TO LOVE: Do I encourage the modest efforts of other Christians?
TO SERVE: Lord Jesus, help me to be untiring in my labor for your kingdom.

Memorial of Saint Ignatius of Loyola, priest

Born in 1491 at Loyola, Spain, Ignatius was wounded in the leg by a cannonball at the siege of Pampeluna in 1521, an injury that left him partially crippled for life. During his recuperation the only books he had access to were The Golden Legend, a collection of lives of the saints, and The Life of Christ. These books, and the time spent in contemplation, changed him. Upon his recovery he took a vow of chastity, hung his sword before the altar of the Virgin of Montserrat, and donned a pilgrim's robe. He journeyed to Rome and the Holy Land where he worked to convert Muslims. His meditations, prayers, visions and insights led to forming the Constitutions of the Society of Jesus (Jesuits) on 15 August 1534. He then settled in Rome to direct the Jesuit order. His health suffered in later years, and he was nearly blind at death. The Jesuits today have over 500 universities and colleges, 30,000 members, and teach over 200,000 students each year. "Teach us to be generous, good Lord; teach us to serve You as You deserve; to give and not to count the cost, to fight and not to heed the wounds, to toil and not to seek for rest, to labor and not to ask for any reward save that of knowing we do Your will." - Prayer, Ignatius of Loyola 

Monday 31 July 2017

St Ignatius Loyola.
Exodus 32:15-24, 30-34. Psalm 105(106):19-23. Matthew 13:31-35.
Give thanks to the Lord for he is good — Psalm 105(106):19-23.
‘I will speak to you in parables …’
In this pair of parables that reflect his hearers’ life experience, Jesus likens the kingdom of heaven to the tremendous growth potential of a tiny mustard seed and to the capacity of yeast to permeate a large amount of flour.
From a work perspective, the former relates to the agricultural pursuits of his male audience and the latter to the domestic activities of his female audience.
Both parables call to mind the song, ‘From little things big things grow’.
Moreover, both imply that Jesus’ saving message is directed to all humankind and that we, his disciples, have a role in disseminating it.
Dear Lord, be present to me in all that I do and, as I grow in your love, may I also help others to grow in faith.


On July 31, the Universal Church marks the feast day of St. Ignatius of Loyola. The Spanish saint is known for founding the Society of Jesus, also known as the Jesuits, as well as for creating the “Spiritual Exercises” often used today for retreats and individual discernment.

St. Ignatius was born into a noble family in 1491 in Guipuzcoa, Spain. He served as a page in the Spanish court of Ferdinand and Isabella.

He then became a soldier in the Spanish army and wounded his leg during the siege of Pamplona in 1521. During his recuperation, he read “Lives of the Saints.” The experience led him to undergo a profound conversion, and he dedicated himself to the Catholic faith.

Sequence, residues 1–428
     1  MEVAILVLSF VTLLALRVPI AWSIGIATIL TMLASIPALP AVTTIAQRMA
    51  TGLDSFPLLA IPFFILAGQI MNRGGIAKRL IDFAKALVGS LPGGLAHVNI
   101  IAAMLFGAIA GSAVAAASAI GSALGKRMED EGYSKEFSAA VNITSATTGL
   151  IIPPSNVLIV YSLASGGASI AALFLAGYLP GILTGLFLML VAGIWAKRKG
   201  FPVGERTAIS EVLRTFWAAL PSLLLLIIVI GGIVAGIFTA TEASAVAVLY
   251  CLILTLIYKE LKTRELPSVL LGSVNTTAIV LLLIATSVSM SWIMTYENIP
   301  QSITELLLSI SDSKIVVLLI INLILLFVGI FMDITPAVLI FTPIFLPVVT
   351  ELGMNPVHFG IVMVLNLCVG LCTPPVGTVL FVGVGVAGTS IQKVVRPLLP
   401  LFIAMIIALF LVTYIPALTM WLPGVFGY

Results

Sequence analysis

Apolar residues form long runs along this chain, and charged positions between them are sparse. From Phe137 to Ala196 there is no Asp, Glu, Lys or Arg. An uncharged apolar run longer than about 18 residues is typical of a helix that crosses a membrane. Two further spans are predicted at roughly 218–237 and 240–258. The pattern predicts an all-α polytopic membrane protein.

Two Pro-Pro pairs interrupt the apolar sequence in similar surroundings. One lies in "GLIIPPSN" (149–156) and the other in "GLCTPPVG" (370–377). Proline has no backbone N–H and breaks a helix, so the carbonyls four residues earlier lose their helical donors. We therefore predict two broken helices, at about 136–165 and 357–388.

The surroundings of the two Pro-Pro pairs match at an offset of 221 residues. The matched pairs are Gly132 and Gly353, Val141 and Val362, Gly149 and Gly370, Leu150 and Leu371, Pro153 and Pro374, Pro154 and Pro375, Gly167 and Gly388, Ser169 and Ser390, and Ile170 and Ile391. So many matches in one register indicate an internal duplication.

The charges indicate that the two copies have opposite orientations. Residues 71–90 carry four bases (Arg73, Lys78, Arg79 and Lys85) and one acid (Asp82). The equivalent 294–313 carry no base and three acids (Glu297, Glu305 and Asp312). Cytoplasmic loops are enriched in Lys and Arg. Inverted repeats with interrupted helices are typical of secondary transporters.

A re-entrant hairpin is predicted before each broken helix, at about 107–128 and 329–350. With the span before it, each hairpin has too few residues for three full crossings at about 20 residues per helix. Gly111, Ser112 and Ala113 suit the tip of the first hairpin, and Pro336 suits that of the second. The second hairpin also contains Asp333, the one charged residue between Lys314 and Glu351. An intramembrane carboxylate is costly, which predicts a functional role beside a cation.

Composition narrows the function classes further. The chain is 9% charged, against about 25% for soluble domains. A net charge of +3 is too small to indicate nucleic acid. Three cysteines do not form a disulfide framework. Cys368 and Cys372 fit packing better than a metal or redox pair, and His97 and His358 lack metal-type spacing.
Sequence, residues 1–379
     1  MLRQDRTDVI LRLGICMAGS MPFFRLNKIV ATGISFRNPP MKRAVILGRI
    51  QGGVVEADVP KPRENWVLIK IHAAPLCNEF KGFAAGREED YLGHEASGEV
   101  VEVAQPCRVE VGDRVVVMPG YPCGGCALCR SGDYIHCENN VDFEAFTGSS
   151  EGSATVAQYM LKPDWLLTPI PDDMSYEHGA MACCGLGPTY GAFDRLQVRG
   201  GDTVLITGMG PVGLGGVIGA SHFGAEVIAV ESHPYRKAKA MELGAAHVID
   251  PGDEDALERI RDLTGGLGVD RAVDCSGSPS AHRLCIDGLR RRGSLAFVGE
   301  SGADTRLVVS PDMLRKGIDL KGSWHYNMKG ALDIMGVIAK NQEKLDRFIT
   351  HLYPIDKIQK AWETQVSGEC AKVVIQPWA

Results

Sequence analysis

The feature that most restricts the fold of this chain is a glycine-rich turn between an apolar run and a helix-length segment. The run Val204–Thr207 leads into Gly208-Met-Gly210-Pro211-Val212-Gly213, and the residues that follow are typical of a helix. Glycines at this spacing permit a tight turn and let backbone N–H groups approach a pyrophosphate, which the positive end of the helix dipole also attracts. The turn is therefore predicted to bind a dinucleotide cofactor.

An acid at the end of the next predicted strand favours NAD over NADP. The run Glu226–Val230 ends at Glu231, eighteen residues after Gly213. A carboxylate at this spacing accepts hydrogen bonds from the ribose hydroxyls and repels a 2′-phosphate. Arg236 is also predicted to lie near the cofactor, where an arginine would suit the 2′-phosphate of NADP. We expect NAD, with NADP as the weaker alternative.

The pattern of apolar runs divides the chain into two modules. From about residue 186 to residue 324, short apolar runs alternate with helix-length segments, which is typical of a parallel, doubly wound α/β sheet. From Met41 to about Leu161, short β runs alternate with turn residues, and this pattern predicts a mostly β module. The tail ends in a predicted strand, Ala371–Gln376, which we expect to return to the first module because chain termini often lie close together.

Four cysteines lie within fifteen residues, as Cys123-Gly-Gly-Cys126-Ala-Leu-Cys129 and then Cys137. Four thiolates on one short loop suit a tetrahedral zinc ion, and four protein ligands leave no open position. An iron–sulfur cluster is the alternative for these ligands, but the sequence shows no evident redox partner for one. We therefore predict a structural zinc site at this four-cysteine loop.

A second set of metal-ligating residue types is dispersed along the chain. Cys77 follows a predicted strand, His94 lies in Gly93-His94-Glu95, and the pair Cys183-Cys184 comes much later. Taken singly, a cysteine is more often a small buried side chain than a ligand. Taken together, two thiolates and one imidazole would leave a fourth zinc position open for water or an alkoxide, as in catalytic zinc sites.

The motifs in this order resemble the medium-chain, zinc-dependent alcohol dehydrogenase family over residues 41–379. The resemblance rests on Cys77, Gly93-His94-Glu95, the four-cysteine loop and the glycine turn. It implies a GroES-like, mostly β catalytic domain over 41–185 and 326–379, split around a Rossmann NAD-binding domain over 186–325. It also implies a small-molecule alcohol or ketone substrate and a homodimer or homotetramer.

After making a general confession in a monastery in Montserrat, St. Ignatius proceeded to spend almost a year in solitude. He wrote his famous “Spiritual Exercises” and then made a pilgrimage to Rome and the Holy Land, where he worked to convert Muslims.

St. Ignatius returned to complete his studies in Spain and then France, where he received his theology degree. While many held him in contempt because of his holy lifestyle, his wisdom and virtue attracted some followers, and the Society of Jesus was born.

The Society was approved by Pope Paul III in 1540, and it grew rapidly. St. Ignatius remained in Rome, where he governed the Society and became friends with St. Philip Neri.

St. Ignatius died peacefully on July 31, 1556. He was canonized by Pope Gregory XV in 1622.

The Jesuits remain numerous today, particularly in several hundred universities and colleges worldwide.

On April 22, 2006, Pope Benedict XVI presided over a Eucharistic concelebration for the Society of Jesus. He addressed the fathers and brothers of the Society present at the Vatican Basilica, calling to mind the dedication and fidelity of their founder.

“St. Ignatius of Loyola was first and foremost a man of God who in his life put God, his greatest glory and his greatest service, first,” the Pope said. “He was a profoundly prayerful man for whom the daily celebration of the Eucharist was the heart and crowning point of his day.”

“Precisely because he was a man of God, St Ignatius was a faithful servant of the Church,” Benedict continued, recalling the saint's “special vow of obedience to the Pope, which he himself describes as 'our first and principal foundation.'”

Highlighting the need for “an intense spiritual and cultural training,” Pope Benedict called upon the Society of Jesus to follow in the footsteps of St. Ignatius and continue his work of service to the Church and obedience to the Pope, so that it's members “may faithfully meet the urgent needs of the Church today.” 

Lectio Divina: 
 Monday, July 31, 2017
Ordinary Time

1) Opening prayer
God our Father and protector,
without you nothing is holy,
nothing has value.
Guide us to everlasting life
by helping us to use wisely
the blessings you have given to the world.
We ask this through our Lord Jesus Christ, your Son,
who lives and reigns with you and the Holy Spirit,
one God, for ever and ever. Amen.

2) Gospel Reading - Matthew 13,31-35
Jesus put another parable before them, 'The kingdom of Heaven is like a mustard seed which a man took and sowed in his field. It is the smallest of all the seeds, but when it has grown it is the biggest of shrubs and becomes a tree, so that the birds of the air can come and shelter in its branches.'
He told them another parable, 'The kingdom of Heaven is like the yeast a woman took and mixed in with three measures of flour till it was leavened all through.'
In all this Jesus spoke to the crowds in parables; indeed, he would never speak to them except in parables. This was to fulfil what was spoken by the prophet: I will speak to you in parables, unfold what has been hidden since the foundation of the world.

3) Reflection